For many in the business and marketing world, computer vision is still a new and somewhat obscure concept. However, it is also one that is rapidly becoming more relevant, particularly with regard to the acquisition, service, and retention of customers.
Leaders and professionals implement Computer Vision in Marketing, Operations, Sales, Retail, Security, and many other areas.
To recap the core concept quickly, we’ll turn to a simple definition from Towards Data Science, which characterizes computer vision as a field of computer science that enables computers to identify and process objects in images and videos the same way that humans do. We would also add that the improvement of augmented reality technology is in some respects extending computer vision into the world — such that computer systems can also recognize real-world objects and images through their own cameras.
It’s all extraordinarily impressive technology, and it can be used for a wide range of purposes.
Nowadays, marketers are assisted by certain automated features that help to make recommendations and narrow down selections for online shoppers. The process can work in different ways, but typically a customer’s search activity produces unseen tags that reflect apparent interest. Those tags can then be used to filter through additional store offerings so that customers can be presented with suggestions they’ll be likely to appreciate.
It is a simple, automated means of improving direct customer engagement.
Now, however, computer vision in marketing is refining this same general concept. Through this technology, a company’s system can actually recognize — look at, in a sense — what customers are observing. Rather than relying on tags, which can be somewhat vague, a computer can identify customers’ selected items and actually look for similar items or appropriate accompaniments. The potential is there to improve customer engagement with even greater accuracy.
Some time ago, The Atlantic posted a thorough, interesting article on what stores do to “follow every step you take.” The idea is to track customers within stores in order to gather data that can effectively shape in-store marketing strategies. By tracking customers — through Bluetooth and Wi-Fi signals, the customers’ own smartphones, etc. — companies can gain insight into which products are being favored, how the store layout might be made more effective, and so on.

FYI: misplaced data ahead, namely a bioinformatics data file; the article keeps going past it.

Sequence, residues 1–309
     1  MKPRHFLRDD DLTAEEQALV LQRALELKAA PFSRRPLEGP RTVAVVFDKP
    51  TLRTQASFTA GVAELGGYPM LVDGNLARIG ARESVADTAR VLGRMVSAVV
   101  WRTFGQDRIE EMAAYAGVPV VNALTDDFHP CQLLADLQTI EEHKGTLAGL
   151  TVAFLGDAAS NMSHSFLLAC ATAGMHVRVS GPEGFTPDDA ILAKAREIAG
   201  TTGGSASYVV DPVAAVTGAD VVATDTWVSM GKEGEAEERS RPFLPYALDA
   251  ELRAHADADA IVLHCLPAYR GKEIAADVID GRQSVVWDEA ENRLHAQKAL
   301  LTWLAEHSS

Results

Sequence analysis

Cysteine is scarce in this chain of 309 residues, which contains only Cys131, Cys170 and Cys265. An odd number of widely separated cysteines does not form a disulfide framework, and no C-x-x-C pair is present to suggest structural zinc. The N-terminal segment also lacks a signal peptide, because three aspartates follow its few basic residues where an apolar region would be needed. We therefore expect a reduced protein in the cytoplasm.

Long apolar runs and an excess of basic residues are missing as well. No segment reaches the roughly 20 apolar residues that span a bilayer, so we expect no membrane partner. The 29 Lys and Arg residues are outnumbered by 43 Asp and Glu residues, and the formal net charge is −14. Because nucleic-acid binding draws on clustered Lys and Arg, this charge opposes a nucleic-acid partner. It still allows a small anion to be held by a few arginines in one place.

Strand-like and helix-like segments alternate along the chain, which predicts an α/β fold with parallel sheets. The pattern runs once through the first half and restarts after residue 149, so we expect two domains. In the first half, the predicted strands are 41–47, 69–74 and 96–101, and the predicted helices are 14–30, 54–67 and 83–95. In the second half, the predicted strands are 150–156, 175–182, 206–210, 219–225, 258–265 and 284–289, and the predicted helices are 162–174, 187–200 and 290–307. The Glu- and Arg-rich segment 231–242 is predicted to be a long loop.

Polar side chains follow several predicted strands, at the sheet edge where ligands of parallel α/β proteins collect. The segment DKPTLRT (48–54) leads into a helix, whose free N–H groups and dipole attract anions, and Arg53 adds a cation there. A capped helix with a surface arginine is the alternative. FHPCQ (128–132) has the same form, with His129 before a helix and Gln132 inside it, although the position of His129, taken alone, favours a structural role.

And now, computer vision is essentially simplifying this process for marketers and shows how computer vision in marketing is beneficial.
Rather than relying on complex webs of Bluetooth devices and smartphone connections, stores can employ cameras that can “watch” and learn from customers’ activity using Computer Vision.
Customer personalization is something we typically think of as having to do with content marketing and data analytics. In a broader sense, today’s businesses go to great lengths to make sure that their written and shared content is tailored to specific audiences. Ayima Kickstart examines this as an aspect of content SEO — explaining that companies employ “expert writers” to research target audiences and construct content according to that research.
Beyond this, on more of a customer-to-customer basis, a lot of modern businesses are also using various analytical methods to track activity and tailor follow-up recommendations as needed.
Through those practices, consumers are effectively guided toward conversions: They’re found and spoken to strategically within broader audiences and then tracked and catered to via tracking as they browse or otherwise engage with the business. It’s an effective process, but we’re now beginning to see computer vision in marketing simplifying it.
Businesses are beginning to explore the use of everything from cameras on smart speakers to in-store cameras to observe customers and develop recommendations based on personal factors. This doesn’t negate the aforementioned efforts, but it does represent another, more direct way of personalizing sales approaches.
The last benefit of computer vision in marketing that we’ll discuss here — and perhaps the simplest — is its impact on consumer searches. With computer systems better able to recognize and interpret images, consumers now have the option of plugging images into search mechanisms. This means that if a consumer should come across a photo of an intriguing product — or even take that photo personally — it can be used to search for further information. As this practice becomes more common, it will naturally produce benefits for businesses. However, it also gives marketing departments a whole new way to think about image-driven product marketing and social media outreach.
All of these represent significant changes and advancements. And yet they’re also only the beginning! In our article ‘How is Vision Analytics Retransforming Modern Industries?’ We pointed out that the global computer vision market anticipates a 7.6% CAGR between 2020 and 2027.
Due to sharing of visuals among the customers, online marketing using visual datasets has become crucial for marketers. With the help of computer vision, they can gain customer insights, improve the campaigns and ultimately improve their buying behavior.
As Computer Vision is maturing with each passing year, it holds many new opportunities for marketers. That amounts to a prediction of significant growth, which means that computer vision in marketing is going to become even more sophisticated — and produce even more beneficial concepts — over time.